How does `AnyIterator` work as a generator?

Hi, I apologize in advance for a somewhat vague and open-ended question, but I'm struggling to understand AnyIterator. Suppose I have the following snippet, inspired by code I read in a project:

let result = AnyIterator { } .prefix(2).map { Int.random(in: 0...10) }

This make an array with two random Int s, but I don't understand quite how - what is going on here? How would I rewrite this (would one ever) with, say IndexingIterator?

Thinking about generating a flexible list of Ints, in Python I would probably use a list comprehension, although I guess the closer approach would be a lambda with a yield statement or something. In Swift, which I'm newer to, I guess I would have used a loop and appended values to an empty array, haha. The snippet is very pretty - it reminds me a bit of how I would do this in something like Haskell (take the first couple of elements of a lazy series), but I just don't quite grok the syntax.

Thanks in advance for any comments...

oof, that is a very strange way to do that.

AnyIterator { }

This returns an AnyIterator<Void>. Iterators stop when they return nil, but this makes use of implicit returns in single-expression closures so it never does - it'll keep returning Voids forever.

AnyIterator also conforms to Sequence (which I personally don't agree with - it only works when the iterator has value semantics). That's where you get the .prefix(Int) method from. It calls next() twice, obtaining 2 Voids, and returning them as an Array<Void>. Then you're calling to transform those in to random integers.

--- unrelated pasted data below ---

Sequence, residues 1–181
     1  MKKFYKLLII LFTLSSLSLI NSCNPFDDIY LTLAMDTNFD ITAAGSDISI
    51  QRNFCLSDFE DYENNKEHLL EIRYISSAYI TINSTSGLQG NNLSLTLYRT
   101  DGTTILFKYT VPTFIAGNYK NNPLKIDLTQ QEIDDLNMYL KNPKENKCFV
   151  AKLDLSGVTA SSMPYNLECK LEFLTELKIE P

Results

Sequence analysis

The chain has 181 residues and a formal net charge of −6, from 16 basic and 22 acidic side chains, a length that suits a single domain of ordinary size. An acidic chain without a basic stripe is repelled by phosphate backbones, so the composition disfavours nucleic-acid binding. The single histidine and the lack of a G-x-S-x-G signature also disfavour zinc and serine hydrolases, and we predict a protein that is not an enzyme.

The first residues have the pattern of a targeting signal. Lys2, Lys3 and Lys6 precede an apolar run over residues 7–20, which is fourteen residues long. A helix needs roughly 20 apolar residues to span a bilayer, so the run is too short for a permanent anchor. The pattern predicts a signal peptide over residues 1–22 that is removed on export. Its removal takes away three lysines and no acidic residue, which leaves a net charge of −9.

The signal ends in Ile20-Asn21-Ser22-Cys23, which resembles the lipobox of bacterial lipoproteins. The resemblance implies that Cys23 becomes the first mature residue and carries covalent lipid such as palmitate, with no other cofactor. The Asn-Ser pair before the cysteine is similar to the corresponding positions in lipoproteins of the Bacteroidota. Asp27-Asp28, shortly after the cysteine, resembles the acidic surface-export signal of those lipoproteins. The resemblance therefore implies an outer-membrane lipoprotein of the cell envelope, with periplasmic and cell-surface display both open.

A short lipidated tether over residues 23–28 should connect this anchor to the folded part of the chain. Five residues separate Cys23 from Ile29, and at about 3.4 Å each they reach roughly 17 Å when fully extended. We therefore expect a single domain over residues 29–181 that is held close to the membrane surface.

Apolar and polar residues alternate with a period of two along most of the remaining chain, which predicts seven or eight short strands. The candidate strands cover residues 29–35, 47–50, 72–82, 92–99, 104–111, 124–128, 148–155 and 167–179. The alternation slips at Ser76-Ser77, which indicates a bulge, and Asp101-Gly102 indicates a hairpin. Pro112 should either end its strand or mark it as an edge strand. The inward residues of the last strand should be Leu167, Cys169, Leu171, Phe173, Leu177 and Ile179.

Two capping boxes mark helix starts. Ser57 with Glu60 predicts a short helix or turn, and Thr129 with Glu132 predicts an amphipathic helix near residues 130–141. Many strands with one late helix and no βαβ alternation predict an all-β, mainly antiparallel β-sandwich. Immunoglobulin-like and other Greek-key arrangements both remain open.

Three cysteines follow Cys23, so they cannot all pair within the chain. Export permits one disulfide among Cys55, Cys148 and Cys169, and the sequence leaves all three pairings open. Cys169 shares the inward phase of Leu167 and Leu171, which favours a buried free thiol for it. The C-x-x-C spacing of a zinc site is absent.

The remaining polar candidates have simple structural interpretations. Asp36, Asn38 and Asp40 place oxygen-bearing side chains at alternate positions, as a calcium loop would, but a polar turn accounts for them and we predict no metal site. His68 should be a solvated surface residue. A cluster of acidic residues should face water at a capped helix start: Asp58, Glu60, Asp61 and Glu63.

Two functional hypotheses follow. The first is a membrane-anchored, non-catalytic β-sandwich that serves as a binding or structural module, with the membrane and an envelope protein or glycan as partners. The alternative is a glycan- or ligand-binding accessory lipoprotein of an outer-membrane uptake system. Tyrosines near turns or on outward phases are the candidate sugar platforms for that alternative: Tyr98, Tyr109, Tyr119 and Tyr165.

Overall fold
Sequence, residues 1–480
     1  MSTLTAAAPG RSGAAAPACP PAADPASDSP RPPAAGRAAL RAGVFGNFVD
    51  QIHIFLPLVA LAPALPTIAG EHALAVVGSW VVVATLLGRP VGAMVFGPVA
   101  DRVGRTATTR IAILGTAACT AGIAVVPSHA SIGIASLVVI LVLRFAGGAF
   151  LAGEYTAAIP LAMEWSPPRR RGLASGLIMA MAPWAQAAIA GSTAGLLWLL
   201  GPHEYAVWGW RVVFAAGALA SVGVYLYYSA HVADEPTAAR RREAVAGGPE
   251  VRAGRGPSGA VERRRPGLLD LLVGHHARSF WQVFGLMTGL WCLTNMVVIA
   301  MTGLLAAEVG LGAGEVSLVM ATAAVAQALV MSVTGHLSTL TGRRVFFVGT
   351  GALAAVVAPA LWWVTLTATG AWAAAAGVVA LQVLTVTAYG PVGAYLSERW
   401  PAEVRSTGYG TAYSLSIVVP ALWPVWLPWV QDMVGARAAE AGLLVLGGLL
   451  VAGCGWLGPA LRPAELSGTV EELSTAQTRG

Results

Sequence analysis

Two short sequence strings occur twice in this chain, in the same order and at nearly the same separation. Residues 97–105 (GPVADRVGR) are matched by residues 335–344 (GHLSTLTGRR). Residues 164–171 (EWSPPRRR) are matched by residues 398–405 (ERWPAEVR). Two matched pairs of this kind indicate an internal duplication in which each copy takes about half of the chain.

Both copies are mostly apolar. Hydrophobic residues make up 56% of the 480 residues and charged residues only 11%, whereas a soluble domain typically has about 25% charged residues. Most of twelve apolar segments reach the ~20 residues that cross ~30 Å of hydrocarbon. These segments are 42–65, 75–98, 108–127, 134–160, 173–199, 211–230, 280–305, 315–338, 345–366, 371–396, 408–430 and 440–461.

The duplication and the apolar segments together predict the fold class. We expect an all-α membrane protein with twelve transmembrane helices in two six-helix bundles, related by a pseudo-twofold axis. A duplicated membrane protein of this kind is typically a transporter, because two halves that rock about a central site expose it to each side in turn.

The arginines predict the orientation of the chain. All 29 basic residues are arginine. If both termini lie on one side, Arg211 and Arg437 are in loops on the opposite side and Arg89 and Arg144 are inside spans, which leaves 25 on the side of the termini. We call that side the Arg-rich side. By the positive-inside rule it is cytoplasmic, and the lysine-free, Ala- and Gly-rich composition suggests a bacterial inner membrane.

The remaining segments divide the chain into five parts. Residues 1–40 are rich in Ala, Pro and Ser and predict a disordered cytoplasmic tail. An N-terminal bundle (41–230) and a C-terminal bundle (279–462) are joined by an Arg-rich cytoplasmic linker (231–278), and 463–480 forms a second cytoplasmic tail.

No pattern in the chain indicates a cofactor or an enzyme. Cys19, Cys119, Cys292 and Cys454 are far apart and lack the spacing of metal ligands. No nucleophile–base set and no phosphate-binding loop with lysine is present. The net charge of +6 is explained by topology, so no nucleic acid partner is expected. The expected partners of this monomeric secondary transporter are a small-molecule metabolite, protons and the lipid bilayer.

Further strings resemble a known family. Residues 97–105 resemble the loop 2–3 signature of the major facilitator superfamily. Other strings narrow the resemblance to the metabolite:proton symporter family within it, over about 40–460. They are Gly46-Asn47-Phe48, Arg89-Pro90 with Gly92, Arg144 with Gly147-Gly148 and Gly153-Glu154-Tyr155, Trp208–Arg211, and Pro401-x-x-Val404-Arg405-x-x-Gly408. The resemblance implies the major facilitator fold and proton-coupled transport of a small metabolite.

A simpler, more idiomatic way to write this would be:

(0..<2).map { _ in Int.random(in: 0...10) }

I have to emphasize the first part of @Karl's reply here.

This is a very strange way of accomplishing a very ordinary task; I have never seen anything like it. It's no wonder that you don't grok what's going on: few users would, and I don't think anyone could do so without significant effort.

I would strongly recommend not emulating this practice.


I'm happy to learn that AnyIterator { } creates an infinite sequence. It may not be frequent, as others say, but I'm not sure there's an obvious replacement for the same effect. After the first surprise in front of something new, we can praise the imagination of the Swift community, always eager to invent new idioms. Thanks for sharing, @gnperdue :-)

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Whenever you’re using AnyIterator to produce a sequence, stop what you’re doing and switch to using sequence instead. In this case the equivalent would be sequence(first: ()) { }.


Yes. I was trying to write something smart about sequence(first:_:) and sequence(state:_:), but could not. Thanks Ben!

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